THE BLOG
19/02/2015 12:49 GMT | Updated 21/04/2015 06:59 BST

Net Migration: Xenophobia Not Policy

Britain is on the cusp of making history in the upcoming general election. It will either look back at May 2015 with regret or with great pride. With immigration one of the major issues debated in this election, I appeal to students in particular to lead British society against xenophobic attitudes and make this general election about fairness and equality of opportunity.

Last month, a cross party Early Day Motion (EDM), tabled by Paul Blomfield (MP), was introduced to Parliament in support of international students and calling for international students to be taken out targets to reduce net migration. As the representative of international students in the UK, I should be happy. Well, I am happy, but I could be happier.

As Paul Blomfield, Chair of the All Party Parliamentary Group (APPG) on Students and the APPG on Migration, rightly recognises in this EDM, international students being in a net migration target is a justified concern for international students, universities, colleges (though college students are not mentioned in the EDM) and the sector as a whole. In this political climate where the race to reduce immigration seems to ignore public opinion, economic facts and a general sense of the equal treatment of human beings, this EDM sends an important message - as does the fact that, so far, 75 MPs from across the political spectrum have signed it.

But I would be happier still if the next step was to end arbitrary migration targets which are based on nothing more than counting people in and out, and doing it poorly. Reducing the net-migration target has been an impossible goal, and has not succeeded in reducing the number of immigrants from "hundreds of thousands" to "tens of thousands" before the General Election 2015.

While this target includes all migrants, few groups are affected as much as non-EU international students. We are the only group which is so heavily impacted by policies which seek to impact not only our visas but where we choose to study. To validate the government's populist anti-immigrant rhetoric, they have threatened over 60,000 of us with deportation by removing our colleges or accusing us of criminal activity on no evidence. Many of us stand to lose tens of thousands of pounds for doing nothing wrong. From the London Met crisis in 2012 to the sponsorship licence revocations since June 2014, thousands of international students have been made the scapegoats to meet the net migration target.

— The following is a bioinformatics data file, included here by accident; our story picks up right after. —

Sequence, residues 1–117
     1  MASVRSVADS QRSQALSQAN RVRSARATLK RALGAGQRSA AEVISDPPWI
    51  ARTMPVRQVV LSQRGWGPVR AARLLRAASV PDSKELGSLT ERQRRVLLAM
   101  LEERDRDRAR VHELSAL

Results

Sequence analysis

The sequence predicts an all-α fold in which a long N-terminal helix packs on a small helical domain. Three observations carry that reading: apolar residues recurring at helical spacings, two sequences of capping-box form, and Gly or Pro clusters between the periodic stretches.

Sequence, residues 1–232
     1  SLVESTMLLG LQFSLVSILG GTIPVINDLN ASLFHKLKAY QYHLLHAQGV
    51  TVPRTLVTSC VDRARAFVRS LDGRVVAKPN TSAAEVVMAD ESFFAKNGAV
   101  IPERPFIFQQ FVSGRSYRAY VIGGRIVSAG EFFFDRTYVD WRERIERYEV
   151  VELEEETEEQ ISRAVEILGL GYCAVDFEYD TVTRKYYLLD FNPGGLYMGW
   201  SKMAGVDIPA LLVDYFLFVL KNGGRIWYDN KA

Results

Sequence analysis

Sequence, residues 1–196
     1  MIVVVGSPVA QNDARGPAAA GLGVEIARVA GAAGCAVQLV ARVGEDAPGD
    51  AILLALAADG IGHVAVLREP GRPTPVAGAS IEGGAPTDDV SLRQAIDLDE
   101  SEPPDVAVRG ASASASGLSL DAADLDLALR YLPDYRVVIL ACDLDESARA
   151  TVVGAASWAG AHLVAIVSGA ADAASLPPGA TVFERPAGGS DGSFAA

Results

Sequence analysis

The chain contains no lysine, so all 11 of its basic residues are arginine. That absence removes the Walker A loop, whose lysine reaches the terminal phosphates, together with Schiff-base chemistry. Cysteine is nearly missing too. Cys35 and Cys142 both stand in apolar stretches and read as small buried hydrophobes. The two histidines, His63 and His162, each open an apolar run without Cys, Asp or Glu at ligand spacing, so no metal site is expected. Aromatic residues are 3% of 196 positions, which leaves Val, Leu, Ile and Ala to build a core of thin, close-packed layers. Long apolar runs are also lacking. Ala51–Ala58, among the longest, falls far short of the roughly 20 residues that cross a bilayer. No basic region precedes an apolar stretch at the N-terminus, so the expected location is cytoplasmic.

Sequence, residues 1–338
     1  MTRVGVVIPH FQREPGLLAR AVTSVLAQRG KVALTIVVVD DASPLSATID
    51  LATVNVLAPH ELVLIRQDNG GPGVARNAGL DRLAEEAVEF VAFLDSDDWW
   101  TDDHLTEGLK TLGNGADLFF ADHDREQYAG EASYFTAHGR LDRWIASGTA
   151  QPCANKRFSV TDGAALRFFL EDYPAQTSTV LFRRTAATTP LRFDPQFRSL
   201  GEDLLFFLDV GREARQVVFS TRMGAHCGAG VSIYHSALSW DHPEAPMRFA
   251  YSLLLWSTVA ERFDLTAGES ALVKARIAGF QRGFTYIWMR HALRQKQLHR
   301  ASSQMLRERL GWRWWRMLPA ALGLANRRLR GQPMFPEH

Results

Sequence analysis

One of NUS' demands for the general election is not just to take international students out of net migration target but to scrap the target all together. It is an ineffective and unattainable goal which not only hurts Britain but especially hurts the real people, like international students and other migrants. I do not have to repeat the facts and figures here, which demonstrate that immigration has a net benefit to Britain's economy and society.

We have seen immigrants in various guises: NHS doctors and nurses, cleaners, university lecturers and students, McDonald's workers and managers, fashion designers, refugees and computer engineers. There is no archetypal - 'immigrant X'. But what we have common amongst ourselves is the experience of leaving one's home country and coming here to the UK, and is the same as anyone from the UK who travels abroad for a new experience. The argument seems so simple - British society is benefitting, immigrants are benefitting. Factually, immigrants are beneficial, practically they are people who deserve the same chances in life as anyone else. So, why is there so much anti-immigrant rhetoric everywhere we look? It is nothing more than discrimination based on where someone was born, and it's wrong.

EDM 739 (signed by 68 MPs) does not perfectly agree with our demand of scrapping net migration totally, but its proposal to take out international students is very welcome. In an adverse political climate like now, where politicians are racing to beat right-wing parties to the right, we welcome a cross party group of MPs coming out to support international students and standing up against the absurdity of including international students in net migration targets. It is a progressive step in the right direction, but let's push the debate further by asking the politicians to support all immigrants, after all, an international student becomes your skilled worker, or international entrepreneur of tomorrow.

NUS knows that this anti-immigration environment is not healthy. It's not healthy for all students, not just those who are part of the migration target. To understand just how this is impacting students is undertaking an anti-xenophobia research to delve into the experiences of xenophobia students face. Whether you are a home student or an international student, please feel free to complete our survey so that NUS can understand and better campaign against the xenophobia students experience in future.

Britain is on the cusp of making history in the upcoming general election. It will either look back at May 2015 with regret or with great pride. With immigration one of the major issues debated in this election, I appeal to students in particular to lead British society against xenophobic attitudes and make this general election about fairness and equality of opportunity. As many students will vote for the first time this May, make it one to remember by saying no to xenophobia and yes to a multicultural and diverse future for Britain.